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Name Of Utility Company That Leaked Information Just Released

By September 15, 2018May 22nd, 2021Cybersecurity

In 2016, an unnamed US energy company left some 30,000 records (containing information about its security assets) exposed for more than two months (a total of 70 days), in violation of energy sector cyber security regulations. When the incident was initially reported, the name of the company was withheld.

That company has now agreed to a $2.7 million-dollar settlement, and its name has now been made public, along with some additional details about the incident.

Initially, the company admitted that they unintentionally exposed the database in question, but that it contained fake data. As the investigation into the matter continued, it became apparent that the data was not only real, but that it included hashed passwords for administrators that hackers could have easily reverse-engineered. PG&E subsequently reversed their fake data assertion.

The exposed data was found by independent security researcher Chris Vickery, who indicated at the time that the database contained details for some 47,000 computers, virtual machines, servers and other devices.

In addition to that a number of non-encrypted email passwords were found, along with 120 encrypted passwords. In Vickery’s words, “This would be a treasure trove for any hostile nation-state hacking group.”

According to the official NERC notice regarding the incident:

“The data was exposed publicly on the internet for 70 days. The usernames of the database were also exposed, which included cryptographic information of those usernames and passwords. Exposure of the username and cryptographic information could aid malicious attackers in using this information to decode passwords.”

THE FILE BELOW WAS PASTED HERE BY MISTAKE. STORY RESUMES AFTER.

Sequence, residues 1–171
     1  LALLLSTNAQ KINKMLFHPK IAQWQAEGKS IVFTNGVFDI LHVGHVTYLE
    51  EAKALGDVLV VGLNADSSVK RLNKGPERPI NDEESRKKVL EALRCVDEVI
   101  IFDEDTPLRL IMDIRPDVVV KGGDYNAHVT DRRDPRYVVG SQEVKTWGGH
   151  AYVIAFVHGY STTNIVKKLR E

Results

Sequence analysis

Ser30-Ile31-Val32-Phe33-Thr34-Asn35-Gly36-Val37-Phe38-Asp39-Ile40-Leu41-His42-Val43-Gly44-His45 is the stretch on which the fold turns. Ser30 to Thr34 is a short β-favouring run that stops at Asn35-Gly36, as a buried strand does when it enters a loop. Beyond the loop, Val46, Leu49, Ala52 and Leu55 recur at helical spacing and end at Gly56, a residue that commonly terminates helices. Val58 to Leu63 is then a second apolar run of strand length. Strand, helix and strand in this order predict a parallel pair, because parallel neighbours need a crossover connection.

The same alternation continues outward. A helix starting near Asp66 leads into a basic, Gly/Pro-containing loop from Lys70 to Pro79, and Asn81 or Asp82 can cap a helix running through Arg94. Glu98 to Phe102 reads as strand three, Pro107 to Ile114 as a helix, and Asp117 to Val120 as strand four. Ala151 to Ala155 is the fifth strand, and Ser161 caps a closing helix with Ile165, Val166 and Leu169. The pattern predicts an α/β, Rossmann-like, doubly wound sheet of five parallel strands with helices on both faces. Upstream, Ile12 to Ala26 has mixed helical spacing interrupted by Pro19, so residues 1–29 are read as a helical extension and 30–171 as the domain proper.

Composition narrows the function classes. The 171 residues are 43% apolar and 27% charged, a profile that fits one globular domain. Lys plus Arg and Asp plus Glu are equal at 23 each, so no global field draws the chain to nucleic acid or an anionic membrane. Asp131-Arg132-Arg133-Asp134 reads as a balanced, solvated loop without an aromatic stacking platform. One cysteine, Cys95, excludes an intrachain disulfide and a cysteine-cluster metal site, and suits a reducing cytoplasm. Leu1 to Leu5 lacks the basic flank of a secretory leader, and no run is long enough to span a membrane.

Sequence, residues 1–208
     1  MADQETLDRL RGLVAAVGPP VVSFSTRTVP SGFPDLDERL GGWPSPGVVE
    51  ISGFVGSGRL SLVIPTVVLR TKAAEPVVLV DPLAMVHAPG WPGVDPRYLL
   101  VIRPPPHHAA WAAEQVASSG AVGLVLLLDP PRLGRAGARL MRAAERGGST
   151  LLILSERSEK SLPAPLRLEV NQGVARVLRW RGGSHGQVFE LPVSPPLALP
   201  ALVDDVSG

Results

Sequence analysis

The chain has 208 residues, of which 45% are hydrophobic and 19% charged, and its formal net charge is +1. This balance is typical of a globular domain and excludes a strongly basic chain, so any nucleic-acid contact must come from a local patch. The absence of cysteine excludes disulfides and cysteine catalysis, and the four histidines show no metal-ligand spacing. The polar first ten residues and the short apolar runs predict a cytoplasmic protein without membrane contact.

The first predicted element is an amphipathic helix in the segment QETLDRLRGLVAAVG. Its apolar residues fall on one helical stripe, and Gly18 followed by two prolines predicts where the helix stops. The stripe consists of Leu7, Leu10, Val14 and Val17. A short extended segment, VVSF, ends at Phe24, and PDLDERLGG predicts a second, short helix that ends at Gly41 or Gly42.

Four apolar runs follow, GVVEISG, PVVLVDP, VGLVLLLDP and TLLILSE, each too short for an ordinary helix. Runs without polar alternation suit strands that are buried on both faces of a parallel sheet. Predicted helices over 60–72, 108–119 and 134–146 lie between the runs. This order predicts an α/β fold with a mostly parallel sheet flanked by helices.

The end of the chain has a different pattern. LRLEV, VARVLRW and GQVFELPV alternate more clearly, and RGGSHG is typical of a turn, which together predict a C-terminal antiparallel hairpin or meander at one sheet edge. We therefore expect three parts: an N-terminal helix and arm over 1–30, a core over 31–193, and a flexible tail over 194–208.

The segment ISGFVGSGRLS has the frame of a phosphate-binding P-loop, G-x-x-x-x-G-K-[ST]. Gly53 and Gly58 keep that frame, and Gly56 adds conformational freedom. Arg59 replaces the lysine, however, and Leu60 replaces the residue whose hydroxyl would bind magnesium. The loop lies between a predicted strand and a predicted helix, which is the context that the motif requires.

Once PG&E was made aware of the problem, it took a server offline, which removed the exposed data. They also brought in third-party forensic experts to investigate, and as a result of that investigation, revised a number of their security policies.

Overall, the company’s handling of the matter was spotty at best, but in light of the record-setting fine, the hope is that we won’t see a similar instance of carelessness in the future.

Chris Forte

Chris Forte

Chris Forte, President and CEO of Olmec Systems, has been in the MSP workspace for the past 25 years. Chris earned his Master’s Degree from West Virginia University, graduating Magna Cum Laude. He was a past member of the Entrepreneurs’ Organization, a current member of the New Jersey Power Partners and Executive Association of New Jersey, where he has previously served on its board of directors. In his spare time, Chris enjoys traveling with his family. He also admits to being a struggling golfer and avid watcher of college football and basketball. He currently lives in Boonton Township, NJ with his wife, two daughters, son, and black lab Luna.

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